Welcome the Fall with Apples! (in Moonshine)

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I recently went to the annual Cider Festival here in Albuquerque and I bought a delicious bag of local apples to munch on. This got me thinking that this is also a time of year that you start seeing a lot of apple-based cocktails.

A few years ago, the moonshine craze really took off in the distilled spirits world, the result of a perfect storm of notoriety from Discovery’s TV show “Moonshiners,” and a rush of “legal” moonshines from the South to your liquor store shelves.

The result is that in larger liquor stores, you may see as many as three varieties of mason-jarred ‘shine from popular brands like Ole Smoky, Sugarlands, or Midnight Moon. Depending on the brand, there is some minor variety in the product offerings (Sugarlands alone offers an unaged rye, for instance), but honestly, it’s a little hard to tell them apart from each other. Each of these brands come in a sealed mason jar, which is incredibly difficult to pour liquid from (it’s no surprise they all sell pour spouts on their websites).

While each of the larger moonshine brands offer unaged corn whiskeys (aka “Moonshine”), you’ll also see a common theme of flavors like blackberry, lemonade, or sweet tea ‘shine. A predominant, popular flavor that they all seem to prefer is apple pie, and I’ve found a jar of Midnight Moon Apple Pie to be indispensable this time of year.

The primary reason I’ve settled on Midnight Moon, at least for their apple pie ‘shine, is twofold: first, the flavor is great. Plain moonshine can be pretty swampy and sour, but Johnson’s have sweetened theirs with apple juice and spices. Because they’ve chosen juice as a sweetener in this case, their apple pie moonshine is sweet and smooth without being sticky from added sugar. You can easily drink this ‘shine on the rocks and not be stuck with “sweater teeth.”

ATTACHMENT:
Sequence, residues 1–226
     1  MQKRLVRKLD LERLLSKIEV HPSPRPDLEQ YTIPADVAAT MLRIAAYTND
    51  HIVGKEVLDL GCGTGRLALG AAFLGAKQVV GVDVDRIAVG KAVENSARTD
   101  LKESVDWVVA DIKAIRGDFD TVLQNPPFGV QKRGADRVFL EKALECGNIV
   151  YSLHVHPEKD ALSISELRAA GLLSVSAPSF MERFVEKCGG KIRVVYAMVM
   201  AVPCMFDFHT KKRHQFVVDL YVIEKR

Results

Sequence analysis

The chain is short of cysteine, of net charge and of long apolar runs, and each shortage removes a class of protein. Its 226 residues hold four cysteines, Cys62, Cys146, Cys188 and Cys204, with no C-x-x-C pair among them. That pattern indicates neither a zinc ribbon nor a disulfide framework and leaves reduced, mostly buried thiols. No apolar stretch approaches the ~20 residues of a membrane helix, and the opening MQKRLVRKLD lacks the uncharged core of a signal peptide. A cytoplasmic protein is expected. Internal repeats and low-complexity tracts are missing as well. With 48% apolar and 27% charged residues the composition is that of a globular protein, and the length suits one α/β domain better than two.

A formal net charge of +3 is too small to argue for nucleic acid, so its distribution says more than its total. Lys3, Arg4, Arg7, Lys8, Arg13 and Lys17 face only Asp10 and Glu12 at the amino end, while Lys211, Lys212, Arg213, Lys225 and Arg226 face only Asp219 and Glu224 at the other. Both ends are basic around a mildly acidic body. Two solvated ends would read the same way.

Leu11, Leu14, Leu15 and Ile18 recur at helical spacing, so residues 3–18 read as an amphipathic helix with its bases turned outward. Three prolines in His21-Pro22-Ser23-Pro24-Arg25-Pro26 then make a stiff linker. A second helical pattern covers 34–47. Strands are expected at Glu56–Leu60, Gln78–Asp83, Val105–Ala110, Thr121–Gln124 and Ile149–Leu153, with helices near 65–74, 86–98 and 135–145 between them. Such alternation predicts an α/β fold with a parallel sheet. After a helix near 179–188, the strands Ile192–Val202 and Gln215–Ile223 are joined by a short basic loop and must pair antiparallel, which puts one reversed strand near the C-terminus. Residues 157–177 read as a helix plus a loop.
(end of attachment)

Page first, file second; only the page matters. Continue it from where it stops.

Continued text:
The second reason for choosing Midnight Moon over Sugarlands or Ole Smoky is they really commit to the humor of the “jar of moonshine” game by adding a cinnamon stick in the bottom of their jars. When you have three choices of apple pie moonshines, why not choose the one with the cinnamon stick in it, right?

So now it’s time to present you with the recipe that I serve a lot this time of year, at everything from Halloween to Christmas parties. It’s a perfect stovetop drink on cold winter nights, and it’s incredibly easy to make. Here’s how you do it.

Mountaineer Punch
Author: Heat Scale: Not in the spicy sense, no
  • 1 jar of Junior Johnson’s Midnight Moon Apple Pie Moonshine
  • 1 gallon of spiced apple cider
  1. On a stovetop, heat the above in a stockpot on low heat. Once the drink is warm, place a ladle in the pot and allow your party guests to serve into mugs. There are lots of ways you can change this recipe up, too, like doubling the amount of cider for a lower-alcohol drink, or adding a bunch of cinnamon sticks and dried orange peel to the pot.

Greg Mays is the Managing Editor of www.simple-cocktails.com.

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Cocktail Editor | Greg is the classic cocktail aficionado and recipe developer at Simple Cocktails, his “place for the intimidated home bartender to shed some fear.”

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